Legendary investor and Berkshire Hathaway CEO Warren Buffet dropped his annual shareholder letter last week, and as usual it is full of insights about investing and business and offers plenty for anyone interested in better performance - of investments, organizations, or individuals to think about and learn from.
1. On taking the long view
Buffett: "Games are won by players who focus on the playing field -- not by those whose eyes are glued to the scoreboard. If you can enjoy Saturdays and Sundays without looking at stock prices, give it a try on weekdays."
HR/Talent lesson: Like many investments, the true payoff on many talent decisions/initiatives are only realized in the fullness of time. New hires can take as long as a year to be fully productive, that big HRMS project could have an 18-month timeline, and that new recruiting blog or Facebook page you've set up is simply not going to catch in the first month. We want, or are trained to expect, a faster payoff or return on everything we do, but as Buffett reminds us, often patience will be rewarded. Probably the most difficult, and most valuable, ability for any manager is the ability to know just how long to keep pursuing a strategy and when to change course.
2. On understanding your strengths and weaknesses
Buffett: "You don't need to be an expert in order to achieve satisfactory investment returns. But if you aren't, you must recognize your limitations and follow a course certain to work reasonably well. Keep things simple and don't swing for the fences."
HR/Talent lesson: This is the classic workplace trap of wanting to do everything yourself, followed closely by trying to staff your team with people that also think they can do everything. I am utterly convinced people are more happy, engaged, and productive simply doing the things they are good at more often than they have to attempt the things where they are not so capable. Let people build on their strengths, don't focus obsessivley on trying to push them into areas where they are not ready, or not as talented. Some folks will want to stretch and challenge themselves no doubt, but not everyone is that comfortable or that driven, and that is ok too.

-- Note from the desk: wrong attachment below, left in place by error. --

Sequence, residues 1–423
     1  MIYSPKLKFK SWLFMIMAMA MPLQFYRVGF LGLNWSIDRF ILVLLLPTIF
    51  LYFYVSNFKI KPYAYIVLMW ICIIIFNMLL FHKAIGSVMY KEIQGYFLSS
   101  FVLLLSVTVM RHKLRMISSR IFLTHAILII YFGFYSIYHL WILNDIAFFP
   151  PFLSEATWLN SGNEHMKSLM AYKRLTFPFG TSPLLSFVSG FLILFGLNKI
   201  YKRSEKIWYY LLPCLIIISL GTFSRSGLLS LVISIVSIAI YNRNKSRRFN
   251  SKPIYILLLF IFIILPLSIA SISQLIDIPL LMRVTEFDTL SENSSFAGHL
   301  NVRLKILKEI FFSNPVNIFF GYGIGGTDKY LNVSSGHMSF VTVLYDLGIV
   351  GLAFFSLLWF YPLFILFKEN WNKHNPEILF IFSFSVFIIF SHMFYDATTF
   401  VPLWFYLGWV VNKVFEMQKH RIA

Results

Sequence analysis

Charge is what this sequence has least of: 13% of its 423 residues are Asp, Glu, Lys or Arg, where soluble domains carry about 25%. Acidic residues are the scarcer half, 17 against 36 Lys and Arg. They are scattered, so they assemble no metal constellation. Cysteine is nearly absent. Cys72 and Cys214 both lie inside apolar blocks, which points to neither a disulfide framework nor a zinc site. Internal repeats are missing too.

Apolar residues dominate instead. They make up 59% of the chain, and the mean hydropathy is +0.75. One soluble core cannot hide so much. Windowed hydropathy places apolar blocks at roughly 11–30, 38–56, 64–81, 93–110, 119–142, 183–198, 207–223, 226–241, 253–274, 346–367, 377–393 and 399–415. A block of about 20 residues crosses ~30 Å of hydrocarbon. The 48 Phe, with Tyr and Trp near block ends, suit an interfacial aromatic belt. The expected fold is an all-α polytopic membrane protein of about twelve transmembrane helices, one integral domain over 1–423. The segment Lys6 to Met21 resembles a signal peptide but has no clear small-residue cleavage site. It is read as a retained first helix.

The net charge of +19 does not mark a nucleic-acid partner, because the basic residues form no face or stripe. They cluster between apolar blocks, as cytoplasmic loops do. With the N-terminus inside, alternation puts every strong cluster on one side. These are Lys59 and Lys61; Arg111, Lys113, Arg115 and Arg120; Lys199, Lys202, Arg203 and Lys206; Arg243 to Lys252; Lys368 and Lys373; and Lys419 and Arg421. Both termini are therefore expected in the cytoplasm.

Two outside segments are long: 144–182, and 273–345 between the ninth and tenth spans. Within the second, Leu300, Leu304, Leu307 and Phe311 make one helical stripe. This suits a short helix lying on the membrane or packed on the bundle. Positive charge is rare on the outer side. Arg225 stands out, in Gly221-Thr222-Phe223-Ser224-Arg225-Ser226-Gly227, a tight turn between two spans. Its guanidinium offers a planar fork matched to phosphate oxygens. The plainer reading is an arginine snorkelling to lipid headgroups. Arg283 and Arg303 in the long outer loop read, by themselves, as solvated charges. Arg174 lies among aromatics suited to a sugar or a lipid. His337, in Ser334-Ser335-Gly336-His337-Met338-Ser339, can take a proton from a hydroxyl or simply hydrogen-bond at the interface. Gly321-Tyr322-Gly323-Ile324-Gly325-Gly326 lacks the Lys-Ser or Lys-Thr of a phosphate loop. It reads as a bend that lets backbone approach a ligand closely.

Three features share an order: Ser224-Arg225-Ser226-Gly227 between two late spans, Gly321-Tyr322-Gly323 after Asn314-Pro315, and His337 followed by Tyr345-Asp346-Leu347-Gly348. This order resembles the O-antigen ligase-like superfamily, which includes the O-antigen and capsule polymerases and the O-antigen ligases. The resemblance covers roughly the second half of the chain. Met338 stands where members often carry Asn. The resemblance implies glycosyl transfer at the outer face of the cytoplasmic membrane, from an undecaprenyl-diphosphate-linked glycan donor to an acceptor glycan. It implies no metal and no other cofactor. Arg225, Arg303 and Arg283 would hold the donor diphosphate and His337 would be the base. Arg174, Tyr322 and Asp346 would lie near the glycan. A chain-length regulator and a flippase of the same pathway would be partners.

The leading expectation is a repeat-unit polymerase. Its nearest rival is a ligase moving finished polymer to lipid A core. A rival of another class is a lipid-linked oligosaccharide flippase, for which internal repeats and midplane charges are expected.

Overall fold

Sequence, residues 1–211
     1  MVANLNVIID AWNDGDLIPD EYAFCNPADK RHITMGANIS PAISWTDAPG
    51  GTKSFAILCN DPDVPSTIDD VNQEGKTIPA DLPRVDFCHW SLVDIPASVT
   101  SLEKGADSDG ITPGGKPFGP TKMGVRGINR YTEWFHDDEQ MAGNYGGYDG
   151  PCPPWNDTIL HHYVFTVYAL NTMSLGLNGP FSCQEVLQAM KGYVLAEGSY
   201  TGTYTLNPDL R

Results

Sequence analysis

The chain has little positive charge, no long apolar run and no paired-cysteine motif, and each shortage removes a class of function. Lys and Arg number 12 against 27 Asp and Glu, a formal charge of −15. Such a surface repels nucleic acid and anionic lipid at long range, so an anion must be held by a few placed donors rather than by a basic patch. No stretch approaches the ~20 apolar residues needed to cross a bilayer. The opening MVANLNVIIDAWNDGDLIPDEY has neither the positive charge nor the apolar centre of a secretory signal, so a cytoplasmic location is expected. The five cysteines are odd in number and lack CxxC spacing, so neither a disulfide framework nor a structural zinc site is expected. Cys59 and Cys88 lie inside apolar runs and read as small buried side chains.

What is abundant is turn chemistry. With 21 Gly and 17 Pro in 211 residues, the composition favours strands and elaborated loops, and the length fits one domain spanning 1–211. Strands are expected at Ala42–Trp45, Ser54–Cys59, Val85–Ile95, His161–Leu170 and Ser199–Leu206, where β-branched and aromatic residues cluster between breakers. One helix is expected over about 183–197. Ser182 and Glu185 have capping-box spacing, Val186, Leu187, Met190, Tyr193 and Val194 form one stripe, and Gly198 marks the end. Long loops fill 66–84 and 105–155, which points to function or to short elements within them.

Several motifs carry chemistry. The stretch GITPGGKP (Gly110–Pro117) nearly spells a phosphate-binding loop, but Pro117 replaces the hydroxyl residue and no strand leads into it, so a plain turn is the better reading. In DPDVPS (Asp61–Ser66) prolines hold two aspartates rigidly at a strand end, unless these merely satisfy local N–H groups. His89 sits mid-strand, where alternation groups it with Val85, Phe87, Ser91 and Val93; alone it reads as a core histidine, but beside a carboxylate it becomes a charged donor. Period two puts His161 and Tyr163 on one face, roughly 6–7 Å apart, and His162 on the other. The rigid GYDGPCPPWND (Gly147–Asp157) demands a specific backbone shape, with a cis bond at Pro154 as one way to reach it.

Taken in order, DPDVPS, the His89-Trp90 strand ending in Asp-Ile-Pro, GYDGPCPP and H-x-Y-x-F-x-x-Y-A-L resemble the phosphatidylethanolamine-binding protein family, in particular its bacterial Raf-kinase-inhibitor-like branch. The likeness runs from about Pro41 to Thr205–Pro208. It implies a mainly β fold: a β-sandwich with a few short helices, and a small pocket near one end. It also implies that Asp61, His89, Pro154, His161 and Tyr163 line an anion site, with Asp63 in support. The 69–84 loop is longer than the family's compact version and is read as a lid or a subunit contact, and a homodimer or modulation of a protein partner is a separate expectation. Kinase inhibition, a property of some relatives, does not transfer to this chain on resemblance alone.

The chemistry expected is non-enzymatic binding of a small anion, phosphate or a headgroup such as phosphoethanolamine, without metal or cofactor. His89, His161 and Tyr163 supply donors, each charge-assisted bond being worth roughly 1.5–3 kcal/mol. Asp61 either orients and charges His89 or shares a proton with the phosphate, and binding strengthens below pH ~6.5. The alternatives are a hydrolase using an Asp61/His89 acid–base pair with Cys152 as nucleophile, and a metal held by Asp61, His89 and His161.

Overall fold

3. On listening too intently to what others think
Buffett: "Forming macro opinions or listening to the macro or market predictions of others is a waste of time. Indeed, it is dangerous because it may blur your vision of the facts that are truly important. (When I hear TV commentators glibly opine on what the market will do next, I am reminded of Mickey Mantle's scathing comment: "You don't know how easy this game is until you get into that broadcasting booth.")
HR/Talent lesson: I am a pessimist or a cynic I suppose, but I remain convinced that about 75% of the people you know really don't care about your career success, 20% are actively conspiring against you to various degrees, and maybe 5% are truly in your corner. You should care about what these 5% have to say, listen to their advice, etc., and everyone else should be ignored. Completely. And if you are not sure if a particular person is really on your side or not, then you can just assume they are part of the 95% you should be ignoring and thus, ignore them as well.
Once again, really solid advice and perspective from a guy who's credentials mostly speak for themselves. Think about the medium term and long term, know what you are good at (and like to do), and don't get caught up in what the crowd thinks - most of them hate you and want you to fail anyway.
Have a great week!